“These critiques are not unique to bitcoin, but apply to all cryptocurrencies.”
    Some cryptocurrencies are similar to Bitcoin, while others are wildly different in terms of monetary policy, governance, and structure. The author doesn’t understand Bitcoin – and now he is making statements about all cryptocurrencies?

    “Because the fact is, if it looks like a pyramid scheme and sounds like a pyramid scheme, we should treat it like a pyramid scheme until proven otherwise.”
    It has been proven otherwise. Bitcoin has no one running it, it doesn’t have a hierarchy or mandatory payments, it doesn’t promise profits.

    The author could start with my article here:
    https://medium.com/@d.ameli/13-common-misconceptions-about-bitcoin-45e1b89fd71a

    1. Jonathan G. Harris says:

      Some points to consider:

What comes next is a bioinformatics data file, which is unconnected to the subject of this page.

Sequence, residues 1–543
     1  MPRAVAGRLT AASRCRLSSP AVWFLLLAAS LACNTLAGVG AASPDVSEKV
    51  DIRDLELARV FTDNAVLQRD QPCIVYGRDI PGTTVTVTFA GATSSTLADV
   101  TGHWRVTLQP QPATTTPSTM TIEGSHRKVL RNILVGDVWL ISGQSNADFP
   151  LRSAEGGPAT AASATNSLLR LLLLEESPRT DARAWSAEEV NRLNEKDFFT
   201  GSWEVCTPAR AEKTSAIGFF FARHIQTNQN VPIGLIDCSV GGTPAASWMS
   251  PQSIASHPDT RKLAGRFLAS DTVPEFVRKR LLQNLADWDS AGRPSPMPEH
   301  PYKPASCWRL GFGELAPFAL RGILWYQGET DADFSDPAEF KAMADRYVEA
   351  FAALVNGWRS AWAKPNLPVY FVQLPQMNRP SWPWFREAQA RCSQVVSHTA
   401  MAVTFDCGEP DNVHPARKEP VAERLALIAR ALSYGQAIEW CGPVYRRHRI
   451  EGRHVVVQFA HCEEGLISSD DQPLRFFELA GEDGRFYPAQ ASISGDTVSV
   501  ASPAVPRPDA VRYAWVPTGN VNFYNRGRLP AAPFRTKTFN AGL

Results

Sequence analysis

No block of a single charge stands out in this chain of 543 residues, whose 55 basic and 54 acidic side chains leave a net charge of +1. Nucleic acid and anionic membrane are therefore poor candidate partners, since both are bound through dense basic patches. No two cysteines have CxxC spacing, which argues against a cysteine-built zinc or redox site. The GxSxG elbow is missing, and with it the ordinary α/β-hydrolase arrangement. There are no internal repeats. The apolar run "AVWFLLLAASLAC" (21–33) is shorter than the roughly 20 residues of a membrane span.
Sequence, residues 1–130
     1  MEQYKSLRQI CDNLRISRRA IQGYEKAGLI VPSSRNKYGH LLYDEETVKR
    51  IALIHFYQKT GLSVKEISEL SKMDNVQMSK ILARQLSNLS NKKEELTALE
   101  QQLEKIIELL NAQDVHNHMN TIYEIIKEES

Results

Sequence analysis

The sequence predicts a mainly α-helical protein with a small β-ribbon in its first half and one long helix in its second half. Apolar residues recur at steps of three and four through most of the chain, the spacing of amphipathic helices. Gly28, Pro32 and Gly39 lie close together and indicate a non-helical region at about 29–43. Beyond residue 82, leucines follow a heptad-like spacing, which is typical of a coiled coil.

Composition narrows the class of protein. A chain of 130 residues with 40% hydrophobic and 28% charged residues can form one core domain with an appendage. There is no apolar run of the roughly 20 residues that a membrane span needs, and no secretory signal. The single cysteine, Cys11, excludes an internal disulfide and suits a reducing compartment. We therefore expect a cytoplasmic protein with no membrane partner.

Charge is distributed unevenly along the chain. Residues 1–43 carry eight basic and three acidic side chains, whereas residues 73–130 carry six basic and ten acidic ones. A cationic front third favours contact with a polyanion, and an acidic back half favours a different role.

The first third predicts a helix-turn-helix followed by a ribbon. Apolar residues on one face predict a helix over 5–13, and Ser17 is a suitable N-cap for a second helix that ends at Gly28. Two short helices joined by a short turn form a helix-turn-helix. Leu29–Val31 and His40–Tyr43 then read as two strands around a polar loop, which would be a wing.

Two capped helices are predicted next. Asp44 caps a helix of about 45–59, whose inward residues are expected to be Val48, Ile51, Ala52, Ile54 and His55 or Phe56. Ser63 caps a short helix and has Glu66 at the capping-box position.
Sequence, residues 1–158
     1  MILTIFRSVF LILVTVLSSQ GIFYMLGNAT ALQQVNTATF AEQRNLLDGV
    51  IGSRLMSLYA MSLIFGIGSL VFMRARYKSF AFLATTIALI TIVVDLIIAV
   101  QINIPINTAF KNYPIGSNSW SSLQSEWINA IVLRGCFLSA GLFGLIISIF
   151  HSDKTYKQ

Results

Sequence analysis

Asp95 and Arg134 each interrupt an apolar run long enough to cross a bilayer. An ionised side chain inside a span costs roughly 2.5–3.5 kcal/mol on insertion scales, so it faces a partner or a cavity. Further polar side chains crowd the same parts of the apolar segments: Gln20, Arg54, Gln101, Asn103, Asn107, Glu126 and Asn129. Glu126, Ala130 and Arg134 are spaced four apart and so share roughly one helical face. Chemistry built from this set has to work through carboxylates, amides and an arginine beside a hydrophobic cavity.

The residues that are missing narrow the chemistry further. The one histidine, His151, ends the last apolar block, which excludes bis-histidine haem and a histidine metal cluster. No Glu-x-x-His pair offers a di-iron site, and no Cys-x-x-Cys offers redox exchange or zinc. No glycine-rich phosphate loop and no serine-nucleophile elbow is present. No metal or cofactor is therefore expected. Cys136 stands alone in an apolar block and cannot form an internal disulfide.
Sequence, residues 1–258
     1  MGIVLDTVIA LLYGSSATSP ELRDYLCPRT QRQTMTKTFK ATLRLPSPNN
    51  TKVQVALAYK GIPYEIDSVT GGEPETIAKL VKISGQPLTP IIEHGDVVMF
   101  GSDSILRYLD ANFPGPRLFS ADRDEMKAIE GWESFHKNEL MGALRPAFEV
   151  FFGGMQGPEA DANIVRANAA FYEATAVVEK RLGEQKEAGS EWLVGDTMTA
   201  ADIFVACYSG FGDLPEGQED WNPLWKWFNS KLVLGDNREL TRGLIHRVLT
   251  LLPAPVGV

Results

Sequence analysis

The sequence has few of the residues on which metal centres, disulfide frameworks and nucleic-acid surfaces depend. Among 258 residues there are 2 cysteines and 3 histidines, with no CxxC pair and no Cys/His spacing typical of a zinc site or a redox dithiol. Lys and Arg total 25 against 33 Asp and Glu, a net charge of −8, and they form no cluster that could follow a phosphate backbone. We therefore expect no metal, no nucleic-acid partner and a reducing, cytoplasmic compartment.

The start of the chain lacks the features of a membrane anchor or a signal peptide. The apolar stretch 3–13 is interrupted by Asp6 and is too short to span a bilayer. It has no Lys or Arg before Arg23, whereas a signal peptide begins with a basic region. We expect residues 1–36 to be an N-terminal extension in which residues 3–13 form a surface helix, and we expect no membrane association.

The commenter writes:
      “Bitocin is not a static entity – it has improved massively over the years and continues to improve in terms of efficiency…”(sic)…

      When new hardware makes Bitcoin’s proof of work more efficient, the algorithm must increase the difficulty required to validate blocks, or attackers will be able use the efficiency to take over the network. Proof of work requires consuming resources for security; and it requires expending far more energy than any attacker could, because the good miners must keep working every hour of the year, while an attacker could disrupt the network over just a short time.
      Furthermore, the comment ignores the fact that fiat based methods of payment are becoming more efficient and faster. With new services I can send money to anyone domestically instantly and to many foreign countries within a day. I can withdraw funds from a US bank account at an ATM in Africa.